VIP opening for Enniskillen Workhouse business and heritage hub

Enniskillen Workhouse tg 23 copy 2

Enniskillen Workhouse, which is a Grade B2 listed Victorian building, has been redeveloped following a £3.25m project delivered by Kriterion Conservation Architects (the conservation arm of Hamilton Architects).

Opened on 1st December 1845, the current structure formed part of one of 160 workhouses in Ireland designed by architect George Wilkinson. Records show that during the Great Famine around 10,000 people passed through its doors.

The main workhouse was demolished in 1964 with the surviving entrance block  becoming part of the old Erne Hospital. When the hospital closed 10 years ago, the  building was identified as being at risk and in need of urgent repair.

The redevelopment project – supported by a £2.3m grant from the National Lottery Heritage Fund – was a collaboration between Fermanagh and Omagh District Council and South West College.

The building, now part of Erne Campus, has been repurposed as a heritage centre and business enterprise hub, along with a new glass roof converting a former courtyard into an exhibition/seminar space, and a new lightweight glazed lobby marking the rear entrance.

Internally, modern partitions have been removed to reveal the original plan form of the building, with a ‘heritage route’ providing access to the rooms with the most historic character. Externally, the original courtyards have been reinstalled.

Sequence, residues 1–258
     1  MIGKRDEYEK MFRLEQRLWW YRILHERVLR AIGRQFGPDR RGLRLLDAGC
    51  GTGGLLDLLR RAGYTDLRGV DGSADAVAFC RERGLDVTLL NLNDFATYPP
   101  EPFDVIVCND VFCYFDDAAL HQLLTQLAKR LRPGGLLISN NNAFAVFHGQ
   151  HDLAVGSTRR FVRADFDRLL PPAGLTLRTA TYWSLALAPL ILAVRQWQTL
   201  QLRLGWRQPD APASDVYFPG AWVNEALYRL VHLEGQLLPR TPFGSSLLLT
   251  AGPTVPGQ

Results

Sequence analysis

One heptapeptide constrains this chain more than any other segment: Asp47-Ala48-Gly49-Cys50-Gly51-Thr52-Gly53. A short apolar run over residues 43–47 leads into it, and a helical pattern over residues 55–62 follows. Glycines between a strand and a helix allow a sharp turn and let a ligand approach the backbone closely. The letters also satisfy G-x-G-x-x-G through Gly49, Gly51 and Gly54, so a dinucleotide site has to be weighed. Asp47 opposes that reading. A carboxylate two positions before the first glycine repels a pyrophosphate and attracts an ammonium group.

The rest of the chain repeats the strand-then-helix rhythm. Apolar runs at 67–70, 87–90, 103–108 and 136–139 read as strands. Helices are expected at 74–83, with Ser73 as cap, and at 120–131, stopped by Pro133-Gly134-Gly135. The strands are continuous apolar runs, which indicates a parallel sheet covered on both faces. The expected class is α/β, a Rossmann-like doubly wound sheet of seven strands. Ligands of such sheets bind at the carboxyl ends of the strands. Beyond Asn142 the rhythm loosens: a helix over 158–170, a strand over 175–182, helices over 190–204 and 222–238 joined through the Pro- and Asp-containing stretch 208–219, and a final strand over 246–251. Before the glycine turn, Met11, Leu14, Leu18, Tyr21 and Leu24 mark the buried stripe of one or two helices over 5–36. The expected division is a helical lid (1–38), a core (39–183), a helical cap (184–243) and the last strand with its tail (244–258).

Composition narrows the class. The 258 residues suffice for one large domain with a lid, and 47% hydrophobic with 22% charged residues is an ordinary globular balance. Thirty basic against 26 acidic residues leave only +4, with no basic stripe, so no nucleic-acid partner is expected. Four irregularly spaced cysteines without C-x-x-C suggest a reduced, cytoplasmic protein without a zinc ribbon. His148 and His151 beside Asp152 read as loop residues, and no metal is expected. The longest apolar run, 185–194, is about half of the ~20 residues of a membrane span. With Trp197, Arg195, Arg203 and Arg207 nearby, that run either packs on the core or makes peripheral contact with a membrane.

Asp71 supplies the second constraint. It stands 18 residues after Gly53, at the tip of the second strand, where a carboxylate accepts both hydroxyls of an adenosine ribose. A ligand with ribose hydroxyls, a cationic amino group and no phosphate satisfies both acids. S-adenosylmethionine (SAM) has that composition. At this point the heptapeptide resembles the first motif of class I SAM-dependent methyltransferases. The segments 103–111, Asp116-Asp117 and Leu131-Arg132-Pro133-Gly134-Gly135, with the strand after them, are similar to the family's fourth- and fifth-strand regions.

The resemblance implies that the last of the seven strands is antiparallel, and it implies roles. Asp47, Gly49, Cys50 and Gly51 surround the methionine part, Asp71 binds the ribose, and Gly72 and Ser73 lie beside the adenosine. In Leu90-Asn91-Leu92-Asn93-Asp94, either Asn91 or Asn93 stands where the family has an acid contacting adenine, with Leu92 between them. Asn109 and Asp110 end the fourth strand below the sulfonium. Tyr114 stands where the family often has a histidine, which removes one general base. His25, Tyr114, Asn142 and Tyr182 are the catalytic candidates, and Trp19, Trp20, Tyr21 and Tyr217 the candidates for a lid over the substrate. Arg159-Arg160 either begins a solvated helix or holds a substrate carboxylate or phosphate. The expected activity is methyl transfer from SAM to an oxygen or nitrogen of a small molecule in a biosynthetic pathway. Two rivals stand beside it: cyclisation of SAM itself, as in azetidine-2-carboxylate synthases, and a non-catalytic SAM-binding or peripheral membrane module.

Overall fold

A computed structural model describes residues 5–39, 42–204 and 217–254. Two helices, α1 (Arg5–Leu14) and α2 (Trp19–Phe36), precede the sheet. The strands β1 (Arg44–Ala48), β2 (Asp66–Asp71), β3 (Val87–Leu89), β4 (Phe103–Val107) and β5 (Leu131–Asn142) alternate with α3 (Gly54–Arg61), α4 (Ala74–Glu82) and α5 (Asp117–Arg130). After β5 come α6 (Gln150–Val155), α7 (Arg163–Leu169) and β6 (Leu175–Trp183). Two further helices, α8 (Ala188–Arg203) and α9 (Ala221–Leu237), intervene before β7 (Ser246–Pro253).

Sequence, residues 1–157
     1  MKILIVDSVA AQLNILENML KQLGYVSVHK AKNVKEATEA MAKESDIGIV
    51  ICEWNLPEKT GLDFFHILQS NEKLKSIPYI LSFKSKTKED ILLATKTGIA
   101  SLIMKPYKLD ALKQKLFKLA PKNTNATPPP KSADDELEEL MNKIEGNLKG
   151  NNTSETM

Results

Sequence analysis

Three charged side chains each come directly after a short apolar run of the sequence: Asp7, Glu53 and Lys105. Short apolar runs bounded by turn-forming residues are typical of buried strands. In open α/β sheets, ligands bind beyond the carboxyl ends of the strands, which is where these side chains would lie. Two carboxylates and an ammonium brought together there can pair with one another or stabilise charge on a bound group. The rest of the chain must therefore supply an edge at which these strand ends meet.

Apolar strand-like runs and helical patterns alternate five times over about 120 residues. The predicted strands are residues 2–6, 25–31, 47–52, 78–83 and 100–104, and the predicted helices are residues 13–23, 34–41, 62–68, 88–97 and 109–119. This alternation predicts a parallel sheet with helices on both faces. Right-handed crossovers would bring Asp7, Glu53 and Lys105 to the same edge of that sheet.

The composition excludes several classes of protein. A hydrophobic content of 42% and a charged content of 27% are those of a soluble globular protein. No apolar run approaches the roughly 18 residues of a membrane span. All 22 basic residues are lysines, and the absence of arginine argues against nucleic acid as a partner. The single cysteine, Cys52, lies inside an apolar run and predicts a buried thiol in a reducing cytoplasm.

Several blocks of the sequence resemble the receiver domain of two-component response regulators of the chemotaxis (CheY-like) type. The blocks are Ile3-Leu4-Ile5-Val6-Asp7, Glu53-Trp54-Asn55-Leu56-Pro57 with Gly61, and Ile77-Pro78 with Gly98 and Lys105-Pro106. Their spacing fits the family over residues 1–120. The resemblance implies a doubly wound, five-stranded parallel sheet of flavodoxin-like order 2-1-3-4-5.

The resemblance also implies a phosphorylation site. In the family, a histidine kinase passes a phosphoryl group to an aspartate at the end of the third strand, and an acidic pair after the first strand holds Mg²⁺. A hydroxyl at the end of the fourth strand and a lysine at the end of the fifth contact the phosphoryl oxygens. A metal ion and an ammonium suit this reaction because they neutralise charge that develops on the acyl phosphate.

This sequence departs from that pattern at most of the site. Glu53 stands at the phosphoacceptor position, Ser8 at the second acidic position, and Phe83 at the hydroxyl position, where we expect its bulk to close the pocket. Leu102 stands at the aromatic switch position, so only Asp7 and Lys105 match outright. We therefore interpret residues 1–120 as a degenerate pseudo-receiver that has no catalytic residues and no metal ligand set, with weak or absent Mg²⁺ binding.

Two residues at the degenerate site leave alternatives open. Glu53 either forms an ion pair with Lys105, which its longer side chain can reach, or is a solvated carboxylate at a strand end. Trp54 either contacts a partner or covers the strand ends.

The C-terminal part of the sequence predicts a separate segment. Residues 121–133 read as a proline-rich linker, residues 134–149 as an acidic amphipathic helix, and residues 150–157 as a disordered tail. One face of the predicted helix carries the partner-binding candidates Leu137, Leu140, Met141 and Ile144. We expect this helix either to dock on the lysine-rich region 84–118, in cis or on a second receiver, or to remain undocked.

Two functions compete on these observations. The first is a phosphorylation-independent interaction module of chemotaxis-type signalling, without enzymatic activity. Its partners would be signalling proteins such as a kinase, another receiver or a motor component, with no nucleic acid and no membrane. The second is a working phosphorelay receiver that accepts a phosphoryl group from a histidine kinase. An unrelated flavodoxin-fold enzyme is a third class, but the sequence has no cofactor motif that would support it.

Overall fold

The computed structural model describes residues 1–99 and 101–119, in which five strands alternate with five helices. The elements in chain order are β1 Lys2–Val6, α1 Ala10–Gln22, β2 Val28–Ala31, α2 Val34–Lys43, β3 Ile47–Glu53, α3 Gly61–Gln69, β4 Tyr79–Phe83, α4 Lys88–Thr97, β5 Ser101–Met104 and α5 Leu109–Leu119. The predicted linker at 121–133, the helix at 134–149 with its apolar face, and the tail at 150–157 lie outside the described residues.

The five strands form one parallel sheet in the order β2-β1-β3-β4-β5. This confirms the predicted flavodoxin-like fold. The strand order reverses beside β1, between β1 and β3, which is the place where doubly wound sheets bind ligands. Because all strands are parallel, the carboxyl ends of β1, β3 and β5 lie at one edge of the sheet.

A new lift and staircase extension provides access to the state-of-the-art innovation hub on the first floor, which accommodates business workstations, breakout areas, meeting room, toilets and ancillary spaces.

Original features such as exposed stone walls and floors, ledge and brace doors, casement windows, fireplaces and hearths have been retained.  New multi-paned casement windows replicate the originals.

Dry lining has been removed to reveal old stonework, concealed fireplaces opened up, and original walls repaired using lime-plaster. Suspended ceilings and modern flooring have been removed, revealing historic timber beams, quarry tiles and limestone flagstones.

On the ground floor, a mixed-use exhibition and reminiscence space managed by Fermanagh County Museum displays some of the surviving workhouse records, along with numerous artefacts.

These include worn-out shoes which were found concealed in the attic. Shoes have been hidden in buildings since the 13th century for luck, so a pair of shoes inside a box specially made from the old floorboards has been put back into the attic.

Workers also discovered hundreds of cows’ teeth, taken from cows’ heads used to make soup for the inmates, and an 1859 bible belonging to a young boy called William Ferguson. The original workhouse bell is on prominent display.

One hundred local craftspeople and contractors benefited from heritage training during the build, with the creation of 12 apprenticeships seeing students gain accreditations in traditional stone masonry, plastering and joinery skills.